Skype CAN be educational!

According to an article, published by Mashable.com, Skype launched a network in March 2011 specifically for teachers called: Skype in the Classroom. The teacher network now boasts 15,000 teachers worldwide sharing/collaborating projects and video-conferencing with other classes and professionals in their prospective fields. Tony Bates, the CEO of Skype, sat down with Mashable to discuss the impact that Skype in the Classroom has on education. His positive outlook of the teaching network emphasizes the importance of a video-conferencing tool in classrooms.

The article is particularly interesting because there are many positives that can come out of the teaching network. As the article mentioned, teachers are able to collaborate on school projects and share their work with others that would normally be inaccessible.  Skype in the Classroom is invaluable because it allows students to work with others and/or have personal experiences with various teachers and professors across the globe.  Specifically advertising/marketing classes can collaborate in more specific ways with the use of Skype. The platform can also enhance students’ learning and global perspective rather than restricting them to only one regional or national perspective.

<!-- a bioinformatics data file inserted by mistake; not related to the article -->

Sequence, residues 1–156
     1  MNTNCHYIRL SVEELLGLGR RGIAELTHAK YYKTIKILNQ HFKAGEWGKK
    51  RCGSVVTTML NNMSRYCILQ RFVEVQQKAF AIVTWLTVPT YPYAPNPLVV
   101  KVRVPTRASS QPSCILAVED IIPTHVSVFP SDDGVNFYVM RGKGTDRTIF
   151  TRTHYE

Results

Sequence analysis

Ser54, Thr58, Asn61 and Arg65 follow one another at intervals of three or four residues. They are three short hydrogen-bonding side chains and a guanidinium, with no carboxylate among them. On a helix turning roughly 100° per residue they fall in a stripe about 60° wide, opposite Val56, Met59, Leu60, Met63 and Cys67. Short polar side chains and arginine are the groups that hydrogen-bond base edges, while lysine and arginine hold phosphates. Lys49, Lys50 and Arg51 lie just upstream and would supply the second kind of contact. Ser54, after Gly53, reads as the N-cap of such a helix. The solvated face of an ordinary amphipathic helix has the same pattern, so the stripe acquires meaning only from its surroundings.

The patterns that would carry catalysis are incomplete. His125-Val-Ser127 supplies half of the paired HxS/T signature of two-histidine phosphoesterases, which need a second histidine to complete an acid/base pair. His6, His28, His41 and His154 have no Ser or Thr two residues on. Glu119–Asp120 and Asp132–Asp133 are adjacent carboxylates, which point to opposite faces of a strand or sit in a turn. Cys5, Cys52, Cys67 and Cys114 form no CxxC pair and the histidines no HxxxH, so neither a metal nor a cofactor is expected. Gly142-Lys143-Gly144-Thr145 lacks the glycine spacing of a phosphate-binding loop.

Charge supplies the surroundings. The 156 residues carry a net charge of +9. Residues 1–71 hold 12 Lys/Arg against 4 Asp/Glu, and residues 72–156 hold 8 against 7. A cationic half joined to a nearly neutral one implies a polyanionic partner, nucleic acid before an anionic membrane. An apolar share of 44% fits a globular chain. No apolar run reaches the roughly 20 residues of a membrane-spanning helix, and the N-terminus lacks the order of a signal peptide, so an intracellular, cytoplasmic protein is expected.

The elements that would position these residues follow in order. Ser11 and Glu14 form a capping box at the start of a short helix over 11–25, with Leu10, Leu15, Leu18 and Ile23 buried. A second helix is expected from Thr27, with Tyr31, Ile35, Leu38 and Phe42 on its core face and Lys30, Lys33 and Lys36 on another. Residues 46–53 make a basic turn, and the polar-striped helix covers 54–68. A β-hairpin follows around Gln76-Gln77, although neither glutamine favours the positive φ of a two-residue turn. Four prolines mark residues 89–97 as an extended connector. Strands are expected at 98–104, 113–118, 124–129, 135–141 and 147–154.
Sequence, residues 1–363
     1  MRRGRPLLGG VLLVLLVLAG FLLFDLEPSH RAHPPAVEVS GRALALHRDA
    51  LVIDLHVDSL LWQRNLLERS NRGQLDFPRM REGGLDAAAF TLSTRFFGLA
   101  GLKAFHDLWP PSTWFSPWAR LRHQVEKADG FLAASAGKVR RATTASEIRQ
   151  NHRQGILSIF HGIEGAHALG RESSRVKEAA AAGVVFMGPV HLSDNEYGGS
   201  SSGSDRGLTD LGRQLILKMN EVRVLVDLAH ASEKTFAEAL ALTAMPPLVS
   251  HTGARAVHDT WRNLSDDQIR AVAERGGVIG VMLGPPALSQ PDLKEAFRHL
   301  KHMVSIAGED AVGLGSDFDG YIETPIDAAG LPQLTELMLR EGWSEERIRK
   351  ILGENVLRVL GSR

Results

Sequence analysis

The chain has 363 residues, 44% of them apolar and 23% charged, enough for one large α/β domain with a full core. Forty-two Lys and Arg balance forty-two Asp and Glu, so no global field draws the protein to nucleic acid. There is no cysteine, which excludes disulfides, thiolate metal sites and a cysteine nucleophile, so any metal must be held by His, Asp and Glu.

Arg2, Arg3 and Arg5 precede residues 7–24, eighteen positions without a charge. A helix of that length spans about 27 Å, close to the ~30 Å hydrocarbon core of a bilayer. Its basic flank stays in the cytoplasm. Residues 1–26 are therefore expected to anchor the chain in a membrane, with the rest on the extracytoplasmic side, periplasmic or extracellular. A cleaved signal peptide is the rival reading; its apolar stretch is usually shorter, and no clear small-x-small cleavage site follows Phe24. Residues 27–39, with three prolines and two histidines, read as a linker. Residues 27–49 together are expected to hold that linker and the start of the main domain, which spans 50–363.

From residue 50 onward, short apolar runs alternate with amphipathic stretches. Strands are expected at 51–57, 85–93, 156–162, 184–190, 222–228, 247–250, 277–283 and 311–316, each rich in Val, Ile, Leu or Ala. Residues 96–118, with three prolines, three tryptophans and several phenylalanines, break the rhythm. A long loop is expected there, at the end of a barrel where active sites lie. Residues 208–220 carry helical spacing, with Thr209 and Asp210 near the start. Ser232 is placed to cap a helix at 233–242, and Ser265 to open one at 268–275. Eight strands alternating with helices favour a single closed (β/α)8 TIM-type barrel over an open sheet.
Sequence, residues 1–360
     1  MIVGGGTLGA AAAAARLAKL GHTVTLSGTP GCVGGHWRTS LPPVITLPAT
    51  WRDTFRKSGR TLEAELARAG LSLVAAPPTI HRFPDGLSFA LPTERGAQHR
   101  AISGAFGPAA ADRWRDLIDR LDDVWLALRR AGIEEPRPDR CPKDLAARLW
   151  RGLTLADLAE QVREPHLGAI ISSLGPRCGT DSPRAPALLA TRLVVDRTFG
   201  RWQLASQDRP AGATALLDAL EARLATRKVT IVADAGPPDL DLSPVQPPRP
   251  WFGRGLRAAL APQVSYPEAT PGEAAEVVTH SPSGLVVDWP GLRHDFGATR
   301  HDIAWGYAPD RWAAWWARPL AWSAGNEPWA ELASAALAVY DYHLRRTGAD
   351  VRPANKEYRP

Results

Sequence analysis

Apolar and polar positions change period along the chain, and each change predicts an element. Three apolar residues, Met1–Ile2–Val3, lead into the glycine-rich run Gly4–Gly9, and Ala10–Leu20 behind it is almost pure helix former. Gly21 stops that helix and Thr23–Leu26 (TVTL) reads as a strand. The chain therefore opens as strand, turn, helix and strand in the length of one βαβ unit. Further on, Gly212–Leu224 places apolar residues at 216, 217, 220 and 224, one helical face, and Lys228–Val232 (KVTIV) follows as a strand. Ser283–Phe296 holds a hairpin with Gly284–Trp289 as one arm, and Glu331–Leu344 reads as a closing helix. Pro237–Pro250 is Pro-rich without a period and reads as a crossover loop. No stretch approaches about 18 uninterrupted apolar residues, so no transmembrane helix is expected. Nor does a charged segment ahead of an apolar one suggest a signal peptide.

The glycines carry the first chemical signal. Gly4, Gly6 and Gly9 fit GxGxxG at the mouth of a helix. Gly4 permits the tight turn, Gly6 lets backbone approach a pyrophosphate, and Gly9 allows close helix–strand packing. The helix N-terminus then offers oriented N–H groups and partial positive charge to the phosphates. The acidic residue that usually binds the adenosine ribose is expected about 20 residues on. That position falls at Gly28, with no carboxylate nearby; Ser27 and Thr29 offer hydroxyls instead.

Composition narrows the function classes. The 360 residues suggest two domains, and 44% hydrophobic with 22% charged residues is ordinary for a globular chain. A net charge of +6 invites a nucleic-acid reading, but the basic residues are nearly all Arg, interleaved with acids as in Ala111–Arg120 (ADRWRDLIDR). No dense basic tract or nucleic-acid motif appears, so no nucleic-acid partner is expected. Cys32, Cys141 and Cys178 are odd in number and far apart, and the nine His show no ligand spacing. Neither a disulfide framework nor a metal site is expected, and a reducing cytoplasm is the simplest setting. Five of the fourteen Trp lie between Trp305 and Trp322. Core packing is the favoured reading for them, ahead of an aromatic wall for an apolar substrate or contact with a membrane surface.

It is important for educators from the advertising/marketing world to engage their students with this type of experiential learning.  It can also help students by providing them with a mode of connecting with industry professionals that would otherwise be out of reach.  Instructors should implement these professionals into their classroom instruction whenever possible to enrich classroom learning.  Additionally, teachers in all disciplines and fields should embrace this technology and innovate new ways to use the platform for better classroom engagement. This initiative is of great significance for education overall and even more for higher education. West Virginia University’s P.I. Reed School of Journalism would benefit from outside professional and academic collaboration. Personally, I would have enjoyed my advertising and communication classes more if Skype and other engaging platforms would have been used more often.

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